A3. Think of your preview text as your subject line, part 2. You can use this space to include more details about your email. #emailchat— Kristen Dunleavy (@KristenWritesIt) June 1, 2017
A3 Make sure your preview text adds a new, yet related element to keep the message interesting but consistent! #emailchat— Julia (@julesnits) June 1, 2017
Test your subject lines using these tips
From copy tweaks to adding emojis or special characters, we recommend testing a few different approaches in your subject lines to get a feel for what your audience wants to see. The more you test, the better you’ll be able to find the right approach.
A4 Open rates are important—but there are other factors to consider like deliverability, as well. I also encourage testing! #EmailChat— Olivia Dello Buono (@oliviadello) June 1, 2017
#EmailChat Test everything! @ExperianMk noted that 56% of brands using emoji in their email subject lines had a higher unique open rate. 👍👍— Really Good Emails 🌈 (@reallygoodemail) June 1, 2017
We love these formulas for writing effective subject lines
Keep it short, sweet and concise. Be mysterious. There’s no formula for writing the perfect subject line—it all depends on what your subscribers respond to. One trend that keeps popping up is relevancy. People hate click bait, so keep your subject line in line with the content of your email.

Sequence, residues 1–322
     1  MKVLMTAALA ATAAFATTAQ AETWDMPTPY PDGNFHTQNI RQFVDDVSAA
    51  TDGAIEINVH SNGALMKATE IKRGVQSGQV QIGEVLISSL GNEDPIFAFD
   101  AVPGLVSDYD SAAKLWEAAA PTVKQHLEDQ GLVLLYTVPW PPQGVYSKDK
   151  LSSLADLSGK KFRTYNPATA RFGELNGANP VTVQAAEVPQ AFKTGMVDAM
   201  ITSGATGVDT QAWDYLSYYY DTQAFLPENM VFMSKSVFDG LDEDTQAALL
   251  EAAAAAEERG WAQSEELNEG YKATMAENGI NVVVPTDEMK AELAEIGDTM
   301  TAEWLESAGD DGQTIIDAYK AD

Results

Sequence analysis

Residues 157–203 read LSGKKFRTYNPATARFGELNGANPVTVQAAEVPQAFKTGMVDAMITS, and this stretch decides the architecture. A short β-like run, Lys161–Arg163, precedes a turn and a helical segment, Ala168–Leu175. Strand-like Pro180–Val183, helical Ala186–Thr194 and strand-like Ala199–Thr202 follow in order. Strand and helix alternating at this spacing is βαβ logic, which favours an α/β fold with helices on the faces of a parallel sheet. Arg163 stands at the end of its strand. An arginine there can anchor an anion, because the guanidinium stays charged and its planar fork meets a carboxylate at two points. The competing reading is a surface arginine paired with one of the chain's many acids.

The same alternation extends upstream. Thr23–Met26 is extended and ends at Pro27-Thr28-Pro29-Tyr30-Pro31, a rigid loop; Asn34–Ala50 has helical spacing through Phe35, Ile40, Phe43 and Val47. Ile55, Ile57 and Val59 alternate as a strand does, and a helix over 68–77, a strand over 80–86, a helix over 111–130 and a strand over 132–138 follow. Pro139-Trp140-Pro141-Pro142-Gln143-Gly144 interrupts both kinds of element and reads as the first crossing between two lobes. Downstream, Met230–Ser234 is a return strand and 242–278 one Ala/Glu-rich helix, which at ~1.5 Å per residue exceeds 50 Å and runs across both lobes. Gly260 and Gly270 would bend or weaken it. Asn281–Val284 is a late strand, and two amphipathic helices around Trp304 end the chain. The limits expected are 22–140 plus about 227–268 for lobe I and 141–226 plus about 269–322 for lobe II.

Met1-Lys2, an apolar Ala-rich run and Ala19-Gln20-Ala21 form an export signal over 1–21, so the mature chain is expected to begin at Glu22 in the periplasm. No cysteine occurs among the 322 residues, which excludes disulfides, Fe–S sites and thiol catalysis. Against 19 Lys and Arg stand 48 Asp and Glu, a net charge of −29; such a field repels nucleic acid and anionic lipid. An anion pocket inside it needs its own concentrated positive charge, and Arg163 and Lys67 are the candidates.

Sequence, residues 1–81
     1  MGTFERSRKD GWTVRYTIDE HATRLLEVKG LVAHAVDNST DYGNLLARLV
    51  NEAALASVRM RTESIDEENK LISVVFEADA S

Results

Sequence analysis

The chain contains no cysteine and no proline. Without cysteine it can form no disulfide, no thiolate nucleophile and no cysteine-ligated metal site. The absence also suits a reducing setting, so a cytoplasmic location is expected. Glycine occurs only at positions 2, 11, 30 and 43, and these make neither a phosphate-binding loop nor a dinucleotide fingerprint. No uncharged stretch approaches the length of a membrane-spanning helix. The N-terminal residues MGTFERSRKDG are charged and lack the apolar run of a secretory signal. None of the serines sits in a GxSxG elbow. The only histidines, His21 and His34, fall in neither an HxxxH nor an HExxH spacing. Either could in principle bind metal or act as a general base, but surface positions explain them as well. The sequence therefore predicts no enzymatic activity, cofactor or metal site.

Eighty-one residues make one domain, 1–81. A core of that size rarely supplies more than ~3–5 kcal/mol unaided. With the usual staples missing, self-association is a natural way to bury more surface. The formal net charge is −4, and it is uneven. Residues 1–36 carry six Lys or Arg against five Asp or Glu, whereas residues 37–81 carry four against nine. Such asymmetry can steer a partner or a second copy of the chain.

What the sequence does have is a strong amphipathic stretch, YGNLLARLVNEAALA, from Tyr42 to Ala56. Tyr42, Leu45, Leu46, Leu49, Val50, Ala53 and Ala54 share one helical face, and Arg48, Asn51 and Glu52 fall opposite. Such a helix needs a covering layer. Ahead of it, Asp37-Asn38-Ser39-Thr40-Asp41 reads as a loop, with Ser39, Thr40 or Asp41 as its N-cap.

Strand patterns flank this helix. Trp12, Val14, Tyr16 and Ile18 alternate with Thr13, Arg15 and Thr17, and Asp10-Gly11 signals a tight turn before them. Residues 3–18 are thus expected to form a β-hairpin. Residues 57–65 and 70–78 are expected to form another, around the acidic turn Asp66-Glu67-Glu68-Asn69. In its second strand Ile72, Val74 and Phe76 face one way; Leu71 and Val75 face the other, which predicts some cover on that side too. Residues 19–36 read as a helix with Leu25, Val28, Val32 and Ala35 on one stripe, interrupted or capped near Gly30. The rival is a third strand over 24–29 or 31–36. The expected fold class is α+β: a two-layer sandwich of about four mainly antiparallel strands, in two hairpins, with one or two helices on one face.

A5. Relevancy is key for effective subject lines – don't mislead your subscribers! #emailchat— Movable Ink (@movableink) June 1, 2017
A5 Keep it short and sweet. Be concise. Be mysterious. There's no wrong answer, it's what works best for your audience. #EmailChat— Olivia Dello Buono (@oliviadello) June 1, 2017
Avoid these mistakes at all costs
Subject line mistakes can be as as minor as a typo or as severe as including a wrong word and getting sent to the Spam folder.
Another subject line don’t? Making every subject line the same. Not only is it boring, but nobody wants to read your “weekly newsletter.” Share something interesting or the title of the article to mix it up!
#EmailChat Possible spam triggers like (RE:, FW:, ALL CAPS, lots of exclamation points)— Really Good Emails 🌈 (@reallygoodemail) June 1, 2017
Don't mislead or mask the purpose of the email.
A6 Click bait is the worst. I'm also over those "re:" emails—soooo 2016. ✋🏼 #EmailChat— Olivia Dello Buono (@oliviadello) June 1, 2017
A6. Nothing's less exciting than "Newsletter" as the subject line every week 🙃#emailchat— Monica Montesa (@missmontesa) June 1, 2017
Follow these best practices to ensure email marketing success
Write for your audience. Test, test, test… and more best practices below.
A7 Write for your audience and test, test, test! 🙌🏼 #EmailChat— Olivia Dello Buono (@oliviadello) June 1, 2017
Q7 Your subject line should act as a preview for what is to come in the rest of the email… always keep that in mind!💡 #emailchat— Julia (@julesnits) June 1, 2017
A8. A/B tests are a simple & powerful way to send your subscribers the best content possible ✔️ #emailchat— Movable Ink (@movableink) June 1, 2017